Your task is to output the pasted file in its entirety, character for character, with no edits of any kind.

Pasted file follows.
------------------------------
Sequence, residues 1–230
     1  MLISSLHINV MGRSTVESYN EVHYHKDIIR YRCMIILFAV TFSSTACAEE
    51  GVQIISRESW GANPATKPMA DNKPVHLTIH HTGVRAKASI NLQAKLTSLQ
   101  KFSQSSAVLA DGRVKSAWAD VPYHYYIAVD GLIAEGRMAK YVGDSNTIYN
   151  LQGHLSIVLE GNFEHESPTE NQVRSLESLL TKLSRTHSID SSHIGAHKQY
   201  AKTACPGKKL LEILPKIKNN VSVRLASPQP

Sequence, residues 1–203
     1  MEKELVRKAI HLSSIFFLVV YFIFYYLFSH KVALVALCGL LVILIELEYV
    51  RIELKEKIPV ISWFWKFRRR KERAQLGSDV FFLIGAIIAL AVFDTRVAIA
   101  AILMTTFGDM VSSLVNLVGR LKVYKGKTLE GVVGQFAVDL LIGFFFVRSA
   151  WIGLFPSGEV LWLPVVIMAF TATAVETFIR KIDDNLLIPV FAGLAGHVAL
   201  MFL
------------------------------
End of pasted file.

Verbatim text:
Sequence, residues 1–230
     1  MLISSLHINV MGRSTVESYN EVHYHKDIIR YRCMIILFAV TFSSTACAEE
    51  GVQIISRESW GANPATKPMA DNKPVHLTIH HTGVRAKASI NLQAKLTSLQ
   101  KFSQSSAVLA DGRVKSAWAD VPYHYYIAVD GLIAEGRMAK YVGDSNTIYN
   151  LQGHLSIVLE GNFEHESPTE NQVRSLESLL TKLSRTHSID SSHIGAHKQY
   201  AKTACPGKKL LEILPKIKNN VSVRLASPQP

Sequence, residues 1–203
     1  MEKELVRKAI HLSSIFFLVV YFIFYYLFSH KVALVALCGL LVILIELEYV
    51  RIELKEKIPV ISWFWKFRRR KERAQLGSDV FFLIGAIIAL AVFDTRVAIA
   101  AILMTTFGDM VSSLVNLVGR LKVYKGKTLE GVVGQFAVDL LIGFFFVRSA
   151  WIGLFPSGEV LWLPVVIMAF TATAVETFIR KIDDNLLIPV FAGLAGHVAL
   201  MFL